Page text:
Was He Werth* It At The Time?

Jayson Werth hit two home runs last night, helping the Phillies clinch the NL pennant and move on to the World Series. I imagine more than a couple O’s fans watching the game thought “how come we can’t get a player like that?” Well the Orioles did have a player very much like that, when they drafted Werth himself in the first round of the 1997 amateur draft. And then they let him go, in a move that is sure to have caused some regrets in the intervening years.

* I’d apologize for this, but I thought it was a rule that you can’t write about Jayson Werth without making some sort of “worth” pun.

When the O’s picked Werth 22nd overall, he was an 18 year-old catcher with some offensive upside. In a short stint in the Rookie League, he showed excellent plate discipline in posting a .295/.432/.398 line in 111 PA with as many walks as strike-outs. John Sickles, of Minor League Ball, noted that “He drew comparisons to Dale Murphy at the time: a young, power-hitting, athletic catcher with good speed. I noted in the ’98 Minor League Scouting Notebook that many young catchers fail to develop, and that Murphy didn’t blossom as a hitter until he gave up catching.”

The following season – mostly in A-Ball – Werth hit .260/.359/.382 and caught 39% of potential base-stealers from behind the plate. Not a fantastic season, but certainly fine for such a young player developing his catching skills. Sickles gave Werth a B grade and said he was a top 75 prospect.

In 1999, split about 2:1 between High A-Ball and Double-A, Werth hit .294/.390/.381and his caught stealing percentage dropped to 25%. The OBP and 63:54 strike-out to walk ratio were both encouraging, but for a big guy (he’s listed at 6’5″ today) he still wasn’t showing much pop. Sickles kept him a B prospect and thought his power would eventually develop.

The O’s had him repeat those two levels again in 2000, starting him out in Double-A but then dropping him down later in the year. His average cratered to .240, but he was consistent with the plate discipline (.358 OBP, 65:64 K to BB) and sadly also the lack of power (.362 SLG). He caught just 20% of potential base-stealers. Speculation was that the Orioles wanted to get Werth out from behind the plate, but he was reluctant to make the move. Sickles dropped his grade to a C and “was concerned that this was a serious case of Young Catcher Stagnation Syndrome.”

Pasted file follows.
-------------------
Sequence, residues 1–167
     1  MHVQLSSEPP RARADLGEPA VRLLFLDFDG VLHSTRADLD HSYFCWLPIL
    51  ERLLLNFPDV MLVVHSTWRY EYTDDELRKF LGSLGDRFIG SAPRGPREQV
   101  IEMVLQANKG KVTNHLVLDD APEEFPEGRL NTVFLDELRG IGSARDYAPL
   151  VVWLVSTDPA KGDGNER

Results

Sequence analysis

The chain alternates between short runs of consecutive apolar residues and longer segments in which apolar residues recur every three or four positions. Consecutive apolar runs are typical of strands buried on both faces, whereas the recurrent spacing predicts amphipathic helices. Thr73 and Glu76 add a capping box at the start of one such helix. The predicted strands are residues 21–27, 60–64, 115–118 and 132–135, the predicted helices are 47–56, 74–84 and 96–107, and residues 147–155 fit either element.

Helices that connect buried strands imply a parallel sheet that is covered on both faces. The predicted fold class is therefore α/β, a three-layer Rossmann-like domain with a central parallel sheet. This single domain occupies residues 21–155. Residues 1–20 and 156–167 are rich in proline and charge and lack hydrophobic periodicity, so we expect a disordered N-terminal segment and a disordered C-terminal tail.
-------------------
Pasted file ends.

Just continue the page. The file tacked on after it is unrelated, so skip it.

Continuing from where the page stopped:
It was at this point that Werth (still only 22) was traded to the Blue Jays for 26 year-old lefty pitcher John Bale. Bale was still partially a starter at Triple-A at that time, and though he’d struggled a little in 2000 he had shown OK control the ability to generate strike-outs previously. Even without knowing what we know now, I wouldn’t have liked that deal when it happened. Werth had put up some good OBP numbers and was still young, while Bale looked like a reliever (even if maybe a pretty good one) that was already moving into the “prime” of his career.

Bale pitched well in the minors for the O’s, but was himself traded the following season (with only 26.2 innings of 3.04 ERA ball out of the Baltimore pen) to the Mets for Gary Matthews Jr. That deal worked out a little better for the Orioles, though Sarge Jr. was waived by the team a year later.

Werth, on the other hand, hit .271/.382/.472 with 20 HR (easily a career high at the time) for the Jays in the minors in ’01, and .257/.354/.445 the following year. By that point he had been mostly moved to the outfield, and Sickles had him as a B+ prospect. Toronto eventually traded Werth (still only 24) to the Dodgers for Jason Frasor.

In LA Werth hit .262/.338/.486 and .234/.338/.374 in parts of two seasons before being released, and the Phillies picked him up in 2007, gave him a more full-time shot, and he’s rewarded them by becoming one of the better outfielders in baseball. The guy hits (.268/.373/.506 this year, with 36 HR), runs (20 for 23 on stolen bases), and plays defense (+6.3 UZR in RF).

There’s absolutely no way to know if Werth would have developed the same way if he had stayed in the O’s system. He was in pro-ball for almost 10 years before the Phillies got him. The position change was probably a necessary step in the process, but I imagine the Orioles would have eventually tried that given that Werth was supposed to hit*. I don’t think it was an egregious case of dumping a former top prospect – the biggest problem was that they sold a player when his value was lowest and didn’t get a very good return. Congrats to Jayson on his success though.

* If he wasn’t supposed to hit, I understand trying to keep him at catcher longer*. His OBPs (with no power) would have been OK for a back-stop – but not elsewhere – so if the offensive ceiling isn’t there he wouldn’t have been able to make it at another position.

* Is a Pozterisk inside another one allowed? Anyway; from Keith Law’s chat today:

Actually it was one of the first decisions JP made after I got there. I pointed out that players as tall as Werth did not last, health-wise as catchers, and that Werth’s speed made him a good candidate to move to CF. We also discovered that he already had damage in one of his knees and that he might not be able to last the season behind the plate. So while you’re right about Werth’s production, I don’t think catching was ever in the cards for him. His knees blew out even thought we moved him.”

So I guess you really can say that the Orioles would have moved him, since it appears they wouldn’t have had a choice. Or, you know, ruined his career due to injury.